We explored another implementation of this service based on a voice interface delivered by a server-side voice application, which uses the HP Opencall Media Platform.
To invoke the service, called Storymail, users call a number corresponding to their personal story mailbox. A voice menu offers a choice between recording, sending or playing back StoryCasts. During the recording phase, the voice message is transmitted live over the phone’s dedicated voice channel. Photos are transmitted afterwards over the separate data channel.
At playback, the the photo sequence is shown in synchronization with the voice narration, which is played by the voice server. Our implementation uses VoIP protocols (SIP and RTP) to transmit voice and SMTP to transmit the data. The client part consists of a software-simulated cell phone running on a PC.
From Robocop to the Terminator to Eve 8, no image better captures our deepest fears about technology than the cyborg, the person who is both flesh and metal, brain and electronics. But philosopher and cognitive scientist Andy Clark sees it differently. Cyborgs, he writes, are not something to be feared – we already are cyborgs.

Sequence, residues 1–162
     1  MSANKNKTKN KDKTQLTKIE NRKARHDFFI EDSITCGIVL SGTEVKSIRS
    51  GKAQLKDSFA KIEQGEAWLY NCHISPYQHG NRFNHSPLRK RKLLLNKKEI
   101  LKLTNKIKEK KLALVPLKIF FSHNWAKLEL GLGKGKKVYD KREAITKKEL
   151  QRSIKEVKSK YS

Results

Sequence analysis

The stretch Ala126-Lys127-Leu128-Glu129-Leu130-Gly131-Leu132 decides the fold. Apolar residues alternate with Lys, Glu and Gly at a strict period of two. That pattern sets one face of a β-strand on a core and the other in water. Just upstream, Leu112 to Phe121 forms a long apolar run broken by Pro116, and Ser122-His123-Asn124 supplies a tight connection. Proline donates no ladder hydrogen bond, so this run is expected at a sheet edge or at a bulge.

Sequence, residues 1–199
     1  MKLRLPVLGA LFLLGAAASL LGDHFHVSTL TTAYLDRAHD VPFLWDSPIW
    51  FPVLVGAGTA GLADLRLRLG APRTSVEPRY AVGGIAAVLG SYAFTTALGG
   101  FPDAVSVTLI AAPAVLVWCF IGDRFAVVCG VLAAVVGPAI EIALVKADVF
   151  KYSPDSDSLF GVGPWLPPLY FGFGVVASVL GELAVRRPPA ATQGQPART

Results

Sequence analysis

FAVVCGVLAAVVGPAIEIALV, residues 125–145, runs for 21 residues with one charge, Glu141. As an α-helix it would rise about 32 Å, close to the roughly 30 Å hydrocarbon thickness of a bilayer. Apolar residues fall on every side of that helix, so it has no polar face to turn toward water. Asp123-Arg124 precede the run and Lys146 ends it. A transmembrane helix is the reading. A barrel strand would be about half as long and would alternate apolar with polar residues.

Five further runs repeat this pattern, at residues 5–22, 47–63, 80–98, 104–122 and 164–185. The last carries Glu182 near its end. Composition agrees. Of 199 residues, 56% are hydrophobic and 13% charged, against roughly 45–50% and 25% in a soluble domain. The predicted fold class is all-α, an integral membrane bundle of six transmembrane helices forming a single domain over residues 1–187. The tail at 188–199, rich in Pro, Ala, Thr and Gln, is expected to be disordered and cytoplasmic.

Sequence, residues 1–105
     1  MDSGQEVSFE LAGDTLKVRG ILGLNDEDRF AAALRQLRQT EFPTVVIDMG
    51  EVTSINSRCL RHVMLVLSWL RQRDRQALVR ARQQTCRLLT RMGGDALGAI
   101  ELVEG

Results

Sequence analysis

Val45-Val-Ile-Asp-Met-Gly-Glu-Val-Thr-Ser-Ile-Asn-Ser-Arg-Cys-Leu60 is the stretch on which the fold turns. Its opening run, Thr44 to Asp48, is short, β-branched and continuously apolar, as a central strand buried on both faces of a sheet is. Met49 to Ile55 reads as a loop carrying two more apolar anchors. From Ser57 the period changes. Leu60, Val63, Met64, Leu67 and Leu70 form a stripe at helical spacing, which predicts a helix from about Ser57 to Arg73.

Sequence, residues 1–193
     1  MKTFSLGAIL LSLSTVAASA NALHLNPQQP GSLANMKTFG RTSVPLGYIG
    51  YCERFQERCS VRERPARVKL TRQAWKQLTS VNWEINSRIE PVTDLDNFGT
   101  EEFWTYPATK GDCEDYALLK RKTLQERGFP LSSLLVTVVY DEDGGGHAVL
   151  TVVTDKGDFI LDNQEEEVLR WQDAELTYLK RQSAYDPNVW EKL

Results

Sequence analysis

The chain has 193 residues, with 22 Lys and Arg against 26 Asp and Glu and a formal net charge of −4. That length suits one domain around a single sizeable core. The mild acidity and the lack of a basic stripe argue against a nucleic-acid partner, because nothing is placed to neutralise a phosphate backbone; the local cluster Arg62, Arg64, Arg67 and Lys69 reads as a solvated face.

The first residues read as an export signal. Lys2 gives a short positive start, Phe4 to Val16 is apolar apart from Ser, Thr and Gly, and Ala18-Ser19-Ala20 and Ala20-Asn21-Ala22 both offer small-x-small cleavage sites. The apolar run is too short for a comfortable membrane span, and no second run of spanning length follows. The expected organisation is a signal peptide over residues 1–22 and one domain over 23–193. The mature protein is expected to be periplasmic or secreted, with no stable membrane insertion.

In Natural-Born Cyborgs, Clark argues that what makes humans so different from other species is our capacity to fully incorporate tools and supporting cultural practices into our existence. Technology as simple as writing on a sketchpad, as familiar as Google or a cellular phone, and as potentially revolutionary as mind-extending neural implants – all exploit our brains’ astonishingly plastic nature. Our minds are primed to seek out and incorporate non-biological resources, so that we actually think and feel through our best technologies. Drawing on his expertise in cognitive science, Clark demonstrates that our sense of self and of physical presence can be expanded to a remarkable extent, placing the long-existing telephone and the emerging technology of telepresence on the same continuum.